Football has come to the ancient city of Ankh-Morpork. And now the wizards of Unseen University must win a football match, without using magic, so they're in the mood for trying everything else. The prospect of the Big Match draws in a street urchin with a wonderful talent for kicking a tin can, a maker of jolly good pies, a dim but beautiful ...
Football has come to the ancient city of Ankh-Morpork. And now the wizards of Unseen University must win a football match, without using magic, so they're in the mood for trying everything else. The prospect of the Big Match draws in a street urchin with a wonderful talent for kicking a tin can, a maker of jolly good pies, a dim but beautiful young woman, who might just turn out to be the greatest fashion model there has ever been, and the mysterious Mr Nutt (and no one knows anything much about Mr Nutt, not even Mr Nutt, which worries him, too). As the match approaches, four lives are entangled and changed forever. Because the thing about football - the important thing about football - is that it is not just about football. Here we go! Here we go! Here we go! This is a playtext suitable for all ages, adapted from the novel.
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The only bad thing, ever, about a new Terry Pratchett novel is reaching the last page. This latest in the series of Discworld novels is as brilliantly entertaining as the rest, featuring the wizards of Unseen University, the savvy Glenda, head of the Night Kitchen, her dim but beautiful assistant Juliet, knockabout Trev the football fan, and the mysterious and erudite Mister Nutt, who says he's a goblin but doesn't act like one...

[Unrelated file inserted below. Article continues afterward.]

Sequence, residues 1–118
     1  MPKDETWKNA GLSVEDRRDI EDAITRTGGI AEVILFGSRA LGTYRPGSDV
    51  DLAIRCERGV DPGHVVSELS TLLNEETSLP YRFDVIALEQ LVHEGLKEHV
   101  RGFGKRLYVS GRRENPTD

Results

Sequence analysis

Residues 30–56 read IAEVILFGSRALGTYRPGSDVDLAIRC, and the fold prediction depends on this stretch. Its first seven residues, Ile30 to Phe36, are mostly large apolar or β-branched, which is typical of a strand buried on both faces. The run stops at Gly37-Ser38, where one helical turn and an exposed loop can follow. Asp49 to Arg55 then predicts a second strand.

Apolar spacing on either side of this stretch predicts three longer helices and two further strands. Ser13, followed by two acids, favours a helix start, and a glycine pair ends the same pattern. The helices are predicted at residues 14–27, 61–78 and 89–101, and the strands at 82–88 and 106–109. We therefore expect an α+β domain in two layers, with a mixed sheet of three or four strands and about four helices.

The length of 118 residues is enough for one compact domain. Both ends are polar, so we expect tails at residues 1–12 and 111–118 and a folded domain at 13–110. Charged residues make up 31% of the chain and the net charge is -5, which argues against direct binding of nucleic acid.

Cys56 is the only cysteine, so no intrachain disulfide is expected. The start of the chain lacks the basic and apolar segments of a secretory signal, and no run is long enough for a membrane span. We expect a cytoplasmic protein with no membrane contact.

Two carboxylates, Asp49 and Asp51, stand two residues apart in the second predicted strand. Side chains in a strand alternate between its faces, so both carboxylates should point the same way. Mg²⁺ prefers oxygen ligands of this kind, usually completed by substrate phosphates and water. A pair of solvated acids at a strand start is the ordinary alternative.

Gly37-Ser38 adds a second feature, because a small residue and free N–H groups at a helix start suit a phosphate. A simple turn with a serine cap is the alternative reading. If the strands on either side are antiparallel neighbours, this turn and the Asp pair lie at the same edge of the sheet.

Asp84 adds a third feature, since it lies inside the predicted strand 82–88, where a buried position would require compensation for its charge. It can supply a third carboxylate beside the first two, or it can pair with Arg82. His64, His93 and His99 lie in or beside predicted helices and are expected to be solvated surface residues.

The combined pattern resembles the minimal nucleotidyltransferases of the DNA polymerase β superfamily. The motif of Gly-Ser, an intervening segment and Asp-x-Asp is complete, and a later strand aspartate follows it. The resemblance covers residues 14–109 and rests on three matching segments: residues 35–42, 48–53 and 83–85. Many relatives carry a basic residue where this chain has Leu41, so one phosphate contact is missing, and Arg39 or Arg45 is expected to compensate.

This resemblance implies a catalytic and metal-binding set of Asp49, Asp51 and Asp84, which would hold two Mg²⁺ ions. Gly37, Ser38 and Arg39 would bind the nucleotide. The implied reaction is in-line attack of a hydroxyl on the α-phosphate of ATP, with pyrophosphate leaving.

Besides Pratchett's oft-recurring theme of unthinking prejudice, this time out he takes a look at the appeal of sports, celebrity and the fashion world, the importance of candle dribbling, and the value of knowing how to make a Really Good Pie. Providing the usual mix of laugh-out-loud fun and thoughtful insight into the nature of society (human and otherwise), this book will not disappoint
Publishers Weekly, 2010-01-25 In the magical universe of Discworld, the dithering and very dotty wizards at Unseen University struggle to master the arcane rules of football as they enter a violent street sport competition. The challenges include getting the sedentary and distracted professors to play with some enthusiasm (and without magic), defending themselves against their opponents' unsportsmanlike behavior, and naturally, to win. It's not easy to track the multitude of characters, but Stephen Briggs gives each of them a distinctive voice. Briggs has been adapting Pratchett's novels to the stage since 1991, and the recurring characters are his to command. His performance brings out the best of the satirical humor and Pratchett's really good bad puns. Fans of Discworld will not be disappointed. A Harper hardcover (Reviews, Aug. 31). (Nov.) (c) Copyright PWxyz, LLC. All rights reserved
Publishers Weekly, 2009-08-31 Football, food, fashion and wizards collide in Pratchett's 37th Discworld novel (after 2007's Making Money), an affectionate satire on the foibles of sports and sports fans. The always out-of-touch wizards at Ankh-Morpork's Unseen University stand to lose a very big bequest unless they enter a team in a violent but popular street sport competition. As the wizards struggle to learn the game, aided by the university's hired help, Ankh-Morpork's ruler schemes to use the competition for his own purposes. Though the book suffers from a few awkward moments (Pratchett's attempts to discuss racism through the strained relationships of dwarves, humans and goblins fall particularly flat), the prose crackles with wit and charm, and the sendups of league football, academic posturing, Romeo and Juliet and cheesy sports dramas are razor sharp and hilarious but never cruel. At its heart, this is an intelligent, cheeky love letter to football, its fans and the unifying power of sports. (Oct.) (c) Copyright PWxyz, LLC. All rights reserved
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